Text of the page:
Scott Simpson, Vancouver Sun, May 20, 2005
The Department of Fisheries and Oceans has caused economic and social devastation in small coastal B.C. communities through short-sighted management policies, and shifted control of the salmon fishery to Vancouverites who don’t even fish, a Senate committee report stated Thursday.
The committee says the DFO should halt plans to implement a controversial new catch quota system for West Coast salmon fishermen until it consults with communities that will be impacted by the system. And the department must in future "take into consideration the socio-economic impacts of its major decisions."
It reported that DFO management strategies during the past decade have stripped fishing jobs from small communities that could ill afford to lose them, at a cost to all Canadian taxpayers who should be "wary" of advocates who seek privatized access to "common public assets [that] belong to all Canadians."
The Standing Senate Committee on Fisheries and Oceans is examining fisheries management in Canada, and made the comments in an interim report that was released in Ottawa on a day when the nation’s attention was focused on a crucial budget vote on Parliament Hill.
Coincidentally, the report was released on the same day that the DFO issued a flurry of news releases wherein Liberal MPs on both the Pacific and Atlantic coasts announced almost $21 million worth of harbour improvement projects.
Industry Minister David Emerson announced $6.9 million for the Skeena-Bulkley Valley area and Pacific region small craft harbours. Vancouver Island harbours got $2 million, Steveston Harbour got $930,000, and the Sunshine Coast got $165,000.
The remainder went to harbours across the country — even Saskatchewan got $250,000.
The Senate committee said in its release that it is "particularly interested in the potential adverse effects of changes on coastal communities and their inhabitants."
The committee reported that the Mifflin Plan, which cut the size of the B.C. fleet by half in the 1990s with the intention of making it more economically viable, "had the opposite effect."
Job losses were worst in rural and aboriginal communities along the coast.
"The committee heard testimony that years of federal policies had shifted fishing licenses out of rural and aboriginal coastal communities, the result being that few now see economic benefits from the fishery resources adjacent to their shores," said the report.
"Witnesses spoke about frustration, despair and the depopulation of communities. On the West Coast of Vancouver Island, where once there had been a number of community fishers involved in commercial fishing, this is no longer the case."
The reported noted that the Nuu-chah-nulth tribal group had just 16 commercial fishing vessels remaining from a fleet that had numbered 200 in the 1950s — and unemployment rates ran as high as 90 per cent in some communities.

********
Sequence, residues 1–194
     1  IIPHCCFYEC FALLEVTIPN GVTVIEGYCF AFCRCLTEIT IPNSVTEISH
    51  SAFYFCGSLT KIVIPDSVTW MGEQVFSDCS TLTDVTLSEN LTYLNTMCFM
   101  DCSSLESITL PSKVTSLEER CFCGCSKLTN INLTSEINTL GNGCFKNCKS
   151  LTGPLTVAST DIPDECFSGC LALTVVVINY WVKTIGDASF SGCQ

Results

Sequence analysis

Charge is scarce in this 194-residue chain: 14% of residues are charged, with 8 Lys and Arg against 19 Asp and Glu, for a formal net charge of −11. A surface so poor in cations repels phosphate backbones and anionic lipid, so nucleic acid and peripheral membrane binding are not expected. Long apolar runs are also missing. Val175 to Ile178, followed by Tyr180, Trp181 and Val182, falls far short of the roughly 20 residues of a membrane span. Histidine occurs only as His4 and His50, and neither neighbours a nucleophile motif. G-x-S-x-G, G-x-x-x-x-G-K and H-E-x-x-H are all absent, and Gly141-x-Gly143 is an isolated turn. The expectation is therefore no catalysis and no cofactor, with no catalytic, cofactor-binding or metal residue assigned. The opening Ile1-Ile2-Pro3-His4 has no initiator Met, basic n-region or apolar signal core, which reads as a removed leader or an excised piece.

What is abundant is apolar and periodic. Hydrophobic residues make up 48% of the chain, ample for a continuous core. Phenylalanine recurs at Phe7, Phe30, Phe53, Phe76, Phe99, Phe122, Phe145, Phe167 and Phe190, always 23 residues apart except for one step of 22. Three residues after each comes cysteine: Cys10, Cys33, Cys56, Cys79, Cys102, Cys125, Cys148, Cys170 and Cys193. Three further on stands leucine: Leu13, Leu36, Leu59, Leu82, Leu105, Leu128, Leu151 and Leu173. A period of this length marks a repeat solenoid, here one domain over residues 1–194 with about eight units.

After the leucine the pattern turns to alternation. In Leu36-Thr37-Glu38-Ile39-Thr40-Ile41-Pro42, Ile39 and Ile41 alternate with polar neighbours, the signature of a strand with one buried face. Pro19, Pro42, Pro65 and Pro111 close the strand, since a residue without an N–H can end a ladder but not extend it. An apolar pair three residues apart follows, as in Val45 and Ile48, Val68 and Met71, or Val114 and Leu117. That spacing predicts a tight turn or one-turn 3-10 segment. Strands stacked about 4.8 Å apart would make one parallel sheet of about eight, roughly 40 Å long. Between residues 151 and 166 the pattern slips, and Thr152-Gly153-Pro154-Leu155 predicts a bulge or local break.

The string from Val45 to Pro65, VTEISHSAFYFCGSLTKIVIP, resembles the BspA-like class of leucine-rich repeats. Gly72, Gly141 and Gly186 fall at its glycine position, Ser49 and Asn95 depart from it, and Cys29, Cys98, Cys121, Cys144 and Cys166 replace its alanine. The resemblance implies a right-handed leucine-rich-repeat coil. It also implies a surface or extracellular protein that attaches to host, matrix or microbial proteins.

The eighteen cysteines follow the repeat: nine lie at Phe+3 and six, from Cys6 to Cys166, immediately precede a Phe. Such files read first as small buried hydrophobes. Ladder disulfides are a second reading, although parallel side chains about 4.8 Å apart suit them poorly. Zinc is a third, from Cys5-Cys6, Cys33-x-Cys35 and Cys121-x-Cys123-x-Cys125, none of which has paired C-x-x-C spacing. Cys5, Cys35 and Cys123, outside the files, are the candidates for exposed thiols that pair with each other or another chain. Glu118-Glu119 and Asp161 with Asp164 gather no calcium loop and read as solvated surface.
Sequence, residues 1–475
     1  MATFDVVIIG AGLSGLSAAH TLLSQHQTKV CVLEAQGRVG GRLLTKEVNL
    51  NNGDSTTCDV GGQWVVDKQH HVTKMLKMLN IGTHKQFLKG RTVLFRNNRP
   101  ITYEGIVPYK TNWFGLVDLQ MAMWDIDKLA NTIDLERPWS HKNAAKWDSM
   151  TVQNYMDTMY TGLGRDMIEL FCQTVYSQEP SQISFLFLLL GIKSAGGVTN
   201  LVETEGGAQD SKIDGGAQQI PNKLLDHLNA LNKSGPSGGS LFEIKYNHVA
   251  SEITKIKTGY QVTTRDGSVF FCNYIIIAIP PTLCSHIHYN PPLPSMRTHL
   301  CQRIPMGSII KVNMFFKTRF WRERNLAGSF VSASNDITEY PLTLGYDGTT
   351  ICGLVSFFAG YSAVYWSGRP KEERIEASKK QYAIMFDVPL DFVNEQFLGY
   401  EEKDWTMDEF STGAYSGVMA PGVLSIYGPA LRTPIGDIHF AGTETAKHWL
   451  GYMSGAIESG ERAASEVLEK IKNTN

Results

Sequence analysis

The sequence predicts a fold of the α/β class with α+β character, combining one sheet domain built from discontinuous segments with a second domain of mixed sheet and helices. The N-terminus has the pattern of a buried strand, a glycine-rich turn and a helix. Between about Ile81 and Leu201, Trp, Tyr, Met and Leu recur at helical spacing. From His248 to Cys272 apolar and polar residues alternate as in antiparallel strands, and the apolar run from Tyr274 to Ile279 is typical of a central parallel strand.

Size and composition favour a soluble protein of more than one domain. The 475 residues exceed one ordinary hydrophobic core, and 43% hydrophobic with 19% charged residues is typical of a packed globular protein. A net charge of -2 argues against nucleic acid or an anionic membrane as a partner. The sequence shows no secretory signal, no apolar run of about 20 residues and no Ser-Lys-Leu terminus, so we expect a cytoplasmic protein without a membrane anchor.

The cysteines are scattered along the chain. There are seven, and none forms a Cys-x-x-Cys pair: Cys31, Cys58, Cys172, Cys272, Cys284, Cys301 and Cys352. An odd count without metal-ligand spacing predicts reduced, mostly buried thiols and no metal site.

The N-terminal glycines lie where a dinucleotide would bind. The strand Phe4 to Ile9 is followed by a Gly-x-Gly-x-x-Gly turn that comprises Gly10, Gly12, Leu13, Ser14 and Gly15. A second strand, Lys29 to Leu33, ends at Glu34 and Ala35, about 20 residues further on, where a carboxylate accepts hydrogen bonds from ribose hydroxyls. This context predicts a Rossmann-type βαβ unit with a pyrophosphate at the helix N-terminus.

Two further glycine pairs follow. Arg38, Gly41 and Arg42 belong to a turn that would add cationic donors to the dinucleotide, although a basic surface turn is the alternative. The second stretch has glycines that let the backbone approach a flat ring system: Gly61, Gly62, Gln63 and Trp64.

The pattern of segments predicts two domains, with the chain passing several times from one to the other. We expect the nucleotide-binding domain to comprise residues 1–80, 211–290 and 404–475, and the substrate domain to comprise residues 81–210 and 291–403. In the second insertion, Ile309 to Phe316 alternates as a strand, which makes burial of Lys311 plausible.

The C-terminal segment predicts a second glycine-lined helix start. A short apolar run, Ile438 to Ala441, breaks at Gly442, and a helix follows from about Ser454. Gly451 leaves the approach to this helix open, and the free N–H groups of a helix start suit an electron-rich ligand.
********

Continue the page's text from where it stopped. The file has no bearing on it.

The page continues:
Committee chair Gerald Comeau said in the preface to the report that all Canadian taxpayers "foot the bill when coastal communities lose access to the fishery and the economic benefits from the resource."
The committee reported that "more than 40 per cent of B.C. fishing licenses and quotas are now owned by Vancouverites, compared to two per cent for residents of the West Coast of Vancouver Island, three per cent on the North Island and nine per cent on the North Coast — the latter three areas being where much of the salmon fishery takes place."
The report says many of those urban licenses are held by individuals and companies who lease out their quotas and licenses rather than use them themselves.
"In the next decade, as increasingly more fishers retire, leasing, fishing licence consolidation and the loss of licenses in rural communities are expected to worsen the situation."
One veteran Fraser River fisherman applauded a recommendation to delay introduction of catch quotas for West Coast salmon fishermen.
But gillnetter Bob McKamey dismissed suggestions in the report that DFO needs a bigger budget.
He suggested instead that the department needs to use its existing resources more wisely — starting with the elimination of the department’s Ottawa bureaucracy.
Similar suggestions surfaced during a controversial review of the 2004 salmon season, and the disappearance of more than one million sockeye expected to migrate back to spawning beds in the Upper Fraser River.
At that review, presided over by former B.C. Supreme Court Chief Justice Bryan Williams, a senior DFO bureaucrat admitted that several new layers of management have emerged at the department — despite testimony from fisheries officers that they lack the manpower and the funds to properly patrol the river and protect migrating salmon.
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FISHERIES STAFFING TIPS SCALES TO B.C.
Fisheries and Oceans Canada employs 10,000 people. Most of those employees are deployed on the B.C. Coast.
Pacific Region: 23.5%
Newfoundland and Labrador: 14%
National Capital Region: 13%
Central and Arctic: 12%
Source: Fisheries and Oceans Canada